Dementia Care: Light Therapy May Help Alleviate Some Alzheimer's Symptoms

Light Therapy Can Help with Sundowning in Dementia Patients

For many years, light therapy has been used to treat a type of depression called Seasonal Affective Disorder (SAD).  This is a disorder in which an individual becomes depressed when the length of daylight is significantly shorter, in our geography in the fall and winter months, hence the name "seasonal."

In Alzheimer's patients, light therapy has also been used effectively to help treat the "sundowning" effect that often accompanies Alzheimer's and other forms of dementia.  Sundowning is a term that refers to the patient becoming more confused and disoriented later in the day. The World Alzheimer's Congress conducted a study to determine how effective light therapy would be for dementia care. The results showed that a drop in nighttime activity and insomnia was linked to the light therapy. It also helps in the reduction of agitation and delusions in Alzheimer's patients.

Like with so many aspects of dementia care, the causes of sundowning aren't fully known but there are some factors that seem to influence it:

  1. Fatigue
  2. Low lighting
  3. Shadows
  4. Disruption of the body's internal clock (also known as circadian rhythms)

As you can imagine, light therapy would address at least items 2 and 3, and maybe even number 4, so it is certainly a viable option to try.  And it is generally simple and safe, with "light boxes" developed specifically for therapeutic use.  Of course, ALWAYS check with your doctor first for specific information and advice on this form of dementia care.  There are some conditions (e.g. those which make skin or eyes extremely sensitive to bright light, history of skin cancer, taking certain medications that increase sensitivity to light)  that preclude the use of light therapy.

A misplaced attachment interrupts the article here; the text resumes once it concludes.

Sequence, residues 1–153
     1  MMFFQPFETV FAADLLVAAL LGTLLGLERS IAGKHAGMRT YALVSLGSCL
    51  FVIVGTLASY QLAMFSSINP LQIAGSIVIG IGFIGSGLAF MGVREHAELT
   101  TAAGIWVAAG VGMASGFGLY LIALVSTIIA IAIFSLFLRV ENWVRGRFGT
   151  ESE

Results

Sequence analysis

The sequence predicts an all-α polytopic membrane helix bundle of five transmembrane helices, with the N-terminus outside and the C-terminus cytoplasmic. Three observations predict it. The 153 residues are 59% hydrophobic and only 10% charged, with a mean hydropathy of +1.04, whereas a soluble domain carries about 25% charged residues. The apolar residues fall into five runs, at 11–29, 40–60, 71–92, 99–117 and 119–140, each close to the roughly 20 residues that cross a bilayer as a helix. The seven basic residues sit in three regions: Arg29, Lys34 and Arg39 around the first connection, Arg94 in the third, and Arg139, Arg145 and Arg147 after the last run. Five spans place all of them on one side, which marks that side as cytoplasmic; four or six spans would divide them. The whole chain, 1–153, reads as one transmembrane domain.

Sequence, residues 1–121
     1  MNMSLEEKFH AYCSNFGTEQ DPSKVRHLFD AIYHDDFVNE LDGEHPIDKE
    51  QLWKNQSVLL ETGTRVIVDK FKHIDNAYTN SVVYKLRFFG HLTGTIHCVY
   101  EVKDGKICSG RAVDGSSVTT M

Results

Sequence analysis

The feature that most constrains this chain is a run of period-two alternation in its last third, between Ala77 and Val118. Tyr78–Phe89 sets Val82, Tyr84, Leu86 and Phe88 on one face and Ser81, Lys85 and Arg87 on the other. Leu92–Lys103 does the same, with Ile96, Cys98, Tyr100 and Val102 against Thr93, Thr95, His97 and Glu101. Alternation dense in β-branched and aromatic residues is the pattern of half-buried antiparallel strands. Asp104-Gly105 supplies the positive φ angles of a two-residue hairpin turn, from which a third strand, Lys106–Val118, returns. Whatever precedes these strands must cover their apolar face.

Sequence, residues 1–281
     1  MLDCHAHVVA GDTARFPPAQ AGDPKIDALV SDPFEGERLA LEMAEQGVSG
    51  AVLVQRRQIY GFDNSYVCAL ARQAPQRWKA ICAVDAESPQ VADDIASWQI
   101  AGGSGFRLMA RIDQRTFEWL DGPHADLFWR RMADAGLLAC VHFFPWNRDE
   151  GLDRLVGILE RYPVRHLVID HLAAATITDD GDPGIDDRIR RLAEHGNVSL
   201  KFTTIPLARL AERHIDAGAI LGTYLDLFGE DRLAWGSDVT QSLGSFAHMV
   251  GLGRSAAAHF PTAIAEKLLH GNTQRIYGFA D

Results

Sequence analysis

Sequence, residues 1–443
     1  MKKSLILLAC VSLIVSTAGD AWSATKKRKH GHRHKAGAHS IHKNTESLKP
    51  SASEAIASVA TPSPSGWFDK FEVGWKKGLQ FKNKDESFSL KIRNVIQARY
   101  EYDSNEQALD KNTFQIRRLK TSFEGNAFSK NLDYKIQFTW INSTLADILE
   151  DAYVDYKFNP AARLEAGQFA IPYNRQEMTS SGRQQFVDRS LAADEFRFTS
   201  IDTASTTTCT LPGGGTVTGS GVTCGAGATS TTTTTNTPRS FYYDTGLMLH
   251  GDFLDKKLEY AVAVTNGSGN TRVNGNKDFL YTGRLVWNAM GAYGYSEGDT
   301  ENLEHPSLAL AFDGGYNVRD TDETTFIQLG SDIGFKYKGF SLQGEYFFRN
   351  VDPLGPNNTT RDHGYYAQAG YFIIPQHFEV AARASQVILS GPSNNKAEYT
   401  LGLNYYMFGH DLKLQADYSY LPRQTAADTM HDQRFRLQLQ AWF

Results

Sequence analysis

Some tips to using light boxes for therapy include:

  • Get the right light box. Do some research and talk to your doctor before buying a light therapy box.  Your light box needs to be safe, the right brightness, and convenient to use.
  • Be consistent. Stick to a daily routine of light therapy sessions.
  • Include other treatment. If symptoms don't improve with light therapy, your loved one may need additional treatment. Talk with your doctor about other treatment options, such as therapy or medications.

For more information:

Mayo Clinic Article on Choosing a "Light Box" for therapy for Seasonal Affective Disorder

Mayo Clinic Article on Sundowning